Soldier Spotlight: Lieutenant Frederick Young

Image: notes about Fred’s wounds from his military service file (Library & Archives Canada)

Regimental Number: 49536; 79494
Rank: Lieutenant
Branch: Canadian Machine Gun Corps

Fred was born in Lac La Biche, Alberta on August 24, 1885. As a young man, he worked on the survey of the Northern Alberta Rail. It was at this time that he first came to the South Peace. In November of 1914, Fred enlisted in the Canadian Army. In September of 1916, he received shrapnel wounds to his right ankle. Fred was gassed on August 18, 1917 at Hill 70. He also suffered from multiple severe shrapnel wounds (chest, arm, legs, hand, and shoulder) in October of 1917 at Passchendaele; as a result of these wounds, Fred suffered from tetanus. He had only been back on duty for two days after the Hill 70 injury when he was wounded at Passchendaele. In January of 1918, Fred was awarded the Military Cross and, on January 18, was promoted to Lieutenant. In August of 1918, Fred’s right leg was amputated. X-rays are available on pages 119, 121, and 123 of his service file. When Fred returned to Canada, he traveled back to the South Peace and filed on land at NW 1-71-24-W5 and the eastern half of 2-71-24-W5 (1920). Around 1920, he married Jean Hopkins. In 1968, Fred and Jean retired and sold their homestead to the government to use as a park (Young’s Point Provincial Park). Fred died on September 12, 1971.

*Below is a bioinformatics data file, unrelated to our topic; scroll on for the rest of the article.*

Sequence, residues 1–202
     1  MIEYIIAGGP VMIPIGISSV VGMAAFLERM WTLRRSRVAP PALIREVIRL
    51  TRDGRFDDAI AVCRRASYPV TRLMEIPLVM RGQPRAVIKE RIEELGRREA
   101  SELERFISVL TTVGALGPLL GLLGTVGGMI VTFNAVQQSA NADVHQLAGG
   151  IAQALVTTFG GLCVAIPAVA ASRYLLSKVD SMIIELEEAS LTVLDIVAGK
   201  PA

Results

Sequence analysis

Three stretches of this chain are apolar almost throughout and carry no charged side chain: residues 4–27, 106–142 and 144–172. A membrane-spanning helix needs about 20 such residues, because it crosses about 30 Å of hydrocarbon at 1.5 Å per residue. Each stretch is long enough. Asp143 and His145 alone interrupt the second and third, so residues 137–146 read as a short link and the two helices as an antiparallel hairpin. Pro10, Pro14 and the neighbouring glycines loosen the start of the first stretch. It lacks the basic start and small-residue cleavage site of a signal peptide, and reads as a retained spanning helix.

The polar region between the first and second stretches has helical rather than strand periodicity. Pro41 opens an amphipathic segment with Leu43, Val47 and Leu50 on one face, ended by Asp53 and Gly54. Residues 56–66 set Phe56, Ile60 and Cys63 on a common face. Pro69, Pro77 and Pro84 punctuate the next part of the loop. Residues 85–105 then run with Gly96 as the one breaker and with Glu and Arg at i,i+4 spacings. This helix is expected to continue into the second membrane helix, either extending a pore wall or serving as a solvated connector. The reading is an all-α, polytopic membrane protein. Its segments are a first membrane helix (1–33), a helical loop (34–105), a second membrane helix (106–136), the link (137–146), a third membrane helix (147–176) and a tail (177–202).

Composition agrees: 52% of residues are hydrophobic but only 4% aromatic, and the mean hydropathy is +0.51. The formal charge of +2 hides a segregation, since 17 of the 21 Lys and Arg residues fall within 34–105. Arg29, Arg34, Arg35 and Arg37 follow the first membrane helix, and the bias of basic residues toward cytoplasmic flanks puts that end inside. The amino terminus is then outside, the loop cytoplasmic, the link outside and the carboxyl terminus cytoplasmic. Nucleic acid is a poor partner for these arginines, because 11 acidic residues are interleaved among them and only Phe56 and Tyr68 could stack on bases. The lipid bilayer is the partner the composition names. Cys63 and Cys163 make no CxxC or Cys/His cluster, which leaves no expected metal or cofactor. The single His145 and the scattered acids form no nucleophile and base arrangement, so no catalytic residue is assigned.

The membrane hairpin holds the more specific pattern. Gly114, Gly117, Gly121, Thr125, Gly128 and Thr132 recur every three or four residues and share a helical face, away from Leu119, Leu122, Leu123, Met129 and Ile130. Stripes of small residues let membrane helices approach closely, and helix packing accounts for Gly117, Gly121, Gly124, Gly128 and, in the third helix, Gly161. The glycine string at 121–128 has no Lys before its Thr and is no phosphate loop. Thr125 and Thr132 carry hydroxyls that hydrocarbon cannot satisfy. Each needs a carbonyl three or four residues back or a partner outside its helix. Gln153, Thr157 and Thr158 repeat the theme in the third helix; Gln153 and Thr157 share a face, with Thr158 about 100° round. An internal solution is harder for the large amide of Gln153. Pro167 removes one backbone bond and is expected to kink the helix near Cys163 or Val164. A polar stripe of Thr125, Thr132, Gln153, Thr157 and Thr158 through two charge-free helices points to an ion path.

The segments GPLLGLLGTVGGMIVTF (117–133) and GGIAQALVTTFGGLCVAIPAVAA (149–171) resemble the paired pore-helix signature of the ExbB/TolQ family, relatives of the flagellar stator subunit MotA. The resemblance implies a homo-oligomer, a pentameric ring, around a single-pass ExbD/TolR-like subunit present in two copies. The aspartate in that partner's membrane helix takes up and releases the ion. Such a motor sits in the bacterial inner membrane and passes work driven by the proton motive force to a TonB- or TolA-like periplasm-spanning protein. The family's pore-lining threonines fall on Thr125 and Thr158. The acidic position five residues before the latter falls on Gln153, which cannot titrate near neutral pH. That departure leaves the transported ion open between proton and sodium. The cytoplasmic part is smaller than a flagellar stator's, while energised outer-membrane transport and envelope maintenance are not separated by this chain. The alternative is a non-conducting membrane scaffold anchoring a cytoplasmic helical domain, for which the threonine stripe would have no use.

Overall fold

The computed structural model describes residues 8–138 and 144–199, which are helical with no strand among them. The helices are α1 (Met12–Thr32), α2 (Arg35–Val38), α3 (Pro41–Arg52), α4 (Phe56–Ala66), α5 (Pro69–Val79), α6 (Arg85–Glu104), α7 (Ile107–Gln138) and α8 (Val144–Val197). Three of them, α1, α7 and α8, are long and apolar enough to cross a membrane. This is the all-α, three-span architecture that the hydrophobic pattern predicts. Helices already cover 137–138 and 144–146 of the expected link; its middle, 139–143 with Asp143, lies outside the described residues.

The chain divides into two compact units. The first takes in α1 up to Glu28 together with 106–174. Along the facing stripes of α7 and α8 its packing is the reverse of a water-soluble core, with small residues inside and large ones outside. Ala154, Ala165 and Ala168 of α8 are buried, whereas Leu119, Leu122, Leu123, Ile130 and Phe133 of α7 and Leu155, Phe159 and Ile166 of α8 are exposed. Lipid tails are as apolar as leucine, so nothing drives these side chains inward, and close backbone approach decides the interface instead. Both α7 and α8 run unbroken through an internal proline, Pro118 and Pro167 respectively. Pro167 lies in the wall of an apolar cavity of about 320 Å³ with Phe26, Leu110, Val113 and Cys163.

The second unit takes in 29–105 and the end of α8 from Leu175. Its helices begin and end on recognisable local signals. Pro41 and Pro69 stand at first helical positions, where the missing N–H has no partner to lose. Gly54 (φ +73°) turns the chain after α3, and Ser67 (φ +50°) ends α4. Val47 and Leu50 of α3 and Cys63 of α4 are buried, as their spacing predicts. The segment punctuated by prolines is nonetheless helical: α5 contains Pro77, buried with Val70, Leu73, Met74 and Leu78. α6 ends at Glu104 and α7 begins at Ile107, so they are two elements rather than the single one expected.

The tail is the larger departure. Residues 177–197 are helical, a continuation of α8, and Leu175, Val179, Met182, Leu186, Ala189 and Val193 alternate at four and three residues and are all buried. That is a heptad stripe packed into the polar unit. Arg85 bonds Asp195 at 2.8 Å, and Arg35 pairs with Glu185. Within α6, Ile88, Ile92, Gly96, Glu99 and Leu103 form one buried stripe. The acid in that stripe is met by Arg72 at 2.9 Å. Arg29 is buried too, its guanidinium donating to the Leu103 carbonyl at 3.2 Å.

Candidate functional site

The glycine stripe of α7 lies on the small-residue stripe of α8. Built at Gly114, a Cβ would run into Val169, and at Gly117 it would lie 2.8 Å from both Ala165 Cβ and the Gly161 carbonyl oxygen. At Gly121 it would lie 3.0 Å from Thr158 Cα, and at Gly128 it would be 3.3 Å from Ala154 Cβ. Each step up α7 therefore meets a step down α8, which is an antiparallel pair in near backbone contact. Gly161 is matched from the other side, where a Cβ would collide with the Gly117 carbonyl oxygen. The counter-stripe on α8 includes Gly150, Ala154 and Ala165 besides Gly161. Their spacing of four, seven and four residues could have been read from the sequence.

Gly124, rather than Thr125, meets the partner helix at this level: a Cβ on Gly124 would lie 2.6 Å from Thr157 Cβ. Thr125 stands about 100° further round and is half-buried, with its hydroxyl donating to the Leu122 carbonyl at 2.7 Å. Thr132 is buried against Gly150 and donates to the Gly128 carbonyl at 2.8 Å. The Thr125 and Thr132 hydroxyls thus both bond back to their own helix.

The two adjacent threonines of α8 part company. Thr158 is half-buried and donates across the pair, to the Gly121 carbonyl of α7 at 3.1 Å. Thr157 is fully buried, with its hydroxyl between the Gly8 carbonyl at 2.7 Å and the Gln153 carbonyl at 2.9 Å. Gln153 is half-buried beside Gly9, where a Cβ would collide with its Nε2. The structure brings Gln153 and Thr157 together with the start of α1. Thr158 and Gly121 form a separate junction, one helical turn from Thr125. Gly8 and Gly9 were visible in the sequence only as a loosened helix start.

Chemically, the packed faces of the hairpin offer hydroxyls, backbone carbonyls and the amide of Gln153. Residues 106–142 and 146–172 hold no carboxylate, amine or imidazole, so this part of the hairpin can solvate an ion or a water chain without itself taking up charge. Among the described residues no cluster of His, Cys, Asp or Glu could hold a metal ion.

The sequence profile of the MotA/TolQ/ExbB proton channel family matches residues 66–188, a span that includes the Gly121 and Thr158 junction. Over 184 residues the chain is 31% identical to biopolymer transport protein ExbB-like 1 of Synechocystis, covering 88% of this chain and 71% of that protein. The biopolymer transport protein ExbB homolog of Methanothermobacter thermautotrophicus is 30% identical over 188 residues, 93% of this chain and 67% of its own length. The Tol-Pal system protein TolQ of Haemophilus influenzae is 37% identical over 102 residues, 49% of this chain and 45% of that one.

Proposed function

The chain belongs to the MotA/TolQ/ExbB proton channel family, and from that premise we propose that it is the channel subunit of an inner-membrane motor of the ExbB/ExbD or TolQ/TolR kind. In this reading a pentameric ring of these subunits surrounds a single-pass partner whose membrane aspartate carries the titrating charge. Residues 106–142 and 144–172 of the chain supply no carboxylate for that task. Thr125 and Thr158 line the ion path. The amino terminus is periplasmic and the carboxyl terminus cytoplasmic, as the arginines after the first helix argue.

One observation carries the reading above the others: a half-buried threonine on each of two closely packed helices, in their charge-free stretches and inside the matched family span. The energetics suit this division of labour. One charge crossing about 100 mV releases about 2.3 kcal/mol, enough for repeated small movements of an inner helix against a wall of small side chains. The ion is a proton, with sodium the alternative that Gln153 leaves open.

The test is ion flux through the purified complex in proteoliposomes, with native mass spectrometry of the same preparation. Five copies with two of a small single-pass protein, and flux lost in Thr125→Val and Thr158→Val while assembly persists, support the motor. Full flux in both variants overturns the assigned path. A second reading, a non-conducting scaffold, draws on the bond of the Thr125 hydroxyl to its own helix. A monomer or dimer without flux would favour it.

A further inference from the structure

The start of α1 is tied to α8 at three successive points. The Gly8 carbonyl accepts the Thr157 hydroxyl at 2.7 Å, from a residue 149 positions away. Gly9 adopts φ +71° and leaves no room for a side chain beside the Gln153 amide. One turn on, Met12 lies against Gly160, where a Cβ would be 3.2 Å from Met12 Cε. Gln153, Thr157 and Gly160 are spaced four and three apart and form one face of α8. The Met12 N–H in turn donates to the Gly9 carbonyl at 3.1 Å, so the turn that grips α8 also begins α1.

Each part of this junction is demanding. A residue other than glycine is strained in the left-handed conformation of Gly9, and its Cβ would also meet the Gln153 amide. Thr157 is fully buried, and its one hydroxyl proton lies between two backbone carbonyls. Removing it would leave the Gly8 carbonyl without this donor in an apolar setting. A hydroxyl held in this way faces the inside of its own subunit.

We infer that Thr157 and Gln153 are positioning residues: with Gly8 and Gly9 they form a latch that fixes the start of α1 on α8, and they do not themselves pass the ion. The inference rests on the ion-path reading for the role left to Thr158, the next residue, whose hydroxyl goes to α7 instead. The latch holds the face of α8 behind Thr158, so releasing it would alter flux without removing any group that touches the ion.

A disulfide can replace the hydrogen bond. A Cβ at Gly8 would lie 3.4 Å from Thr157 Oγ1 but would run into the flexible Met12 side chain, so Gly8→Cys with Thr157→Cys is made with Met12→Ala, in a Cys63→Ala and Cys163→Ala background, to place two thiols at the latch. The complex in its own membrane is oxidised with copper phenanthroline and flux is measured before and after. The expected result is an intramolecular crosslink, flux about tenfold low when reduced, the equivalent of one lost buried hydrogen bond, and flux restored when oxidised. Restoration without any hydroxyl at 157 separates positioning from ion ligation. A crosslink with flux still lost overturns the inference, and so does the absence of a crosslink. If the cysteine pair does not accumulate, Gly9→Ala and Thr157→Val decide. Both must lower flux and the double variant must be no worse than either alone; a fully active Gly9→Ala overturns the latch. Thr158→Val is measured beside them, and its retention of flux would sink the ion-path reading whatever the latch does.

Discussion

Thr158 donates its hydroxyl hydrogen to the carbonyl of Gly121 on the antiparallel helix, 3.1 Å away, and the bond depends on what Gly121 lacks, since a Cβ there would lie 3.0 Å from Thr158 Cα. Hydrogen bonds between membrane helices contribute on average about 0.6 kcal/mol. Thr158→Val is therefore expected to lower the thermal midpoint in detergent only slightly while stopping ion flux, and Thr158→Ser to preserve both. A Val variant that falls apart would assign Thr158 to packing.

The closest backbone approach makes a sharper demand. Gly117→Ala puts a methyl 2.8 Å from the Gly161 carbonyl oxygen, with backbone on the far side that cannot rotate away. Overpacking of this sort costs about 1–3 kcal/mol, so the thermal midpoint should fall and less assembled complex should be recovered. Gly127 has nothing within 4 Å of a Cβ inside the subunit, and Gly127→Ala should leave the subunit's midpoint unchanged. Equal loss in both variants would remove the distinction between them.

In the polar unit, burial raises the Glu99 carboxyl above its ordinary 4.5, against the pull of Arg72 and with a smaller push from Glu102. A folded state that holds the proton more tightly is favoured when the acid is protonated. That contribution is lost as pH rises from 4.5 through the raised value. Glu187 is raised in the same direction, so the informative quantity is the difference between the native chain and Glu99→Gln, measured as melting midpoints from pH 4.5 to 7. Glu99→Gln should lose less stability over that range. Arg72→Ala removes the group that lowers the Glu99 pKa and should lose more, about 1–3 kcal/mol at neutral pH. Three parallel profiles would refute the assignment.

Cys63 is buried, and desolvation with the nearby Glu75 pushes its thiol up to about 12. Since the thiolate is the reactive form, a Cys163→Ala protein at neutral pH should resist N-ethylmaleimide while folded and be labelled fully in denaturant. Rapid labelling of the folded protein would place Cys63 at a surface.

Sources: Across the Smoky p. 7; Where the Red Willow Grew p. 303

Soldier Spotlight highlights veterans from the Archives’ online Soldiers’ Memorial. Each week, our volunteers select a remarkable individual to showcase in this blog series. The Soldiers’ Memorial commemorates more than 1,100 WWI veterans and 2,300 WWII veterans from our region. Three dedicated volunteers have contributed over 1,200 hours to this project by researching and writing biographies. Our goal is to have all South Peace soldiers acknowledged for their service. If you know of someone who lived in the South Peace and should be listed on the Memorial, or would like to get involved by researching a local veteran, please contact the Archives.

Share this post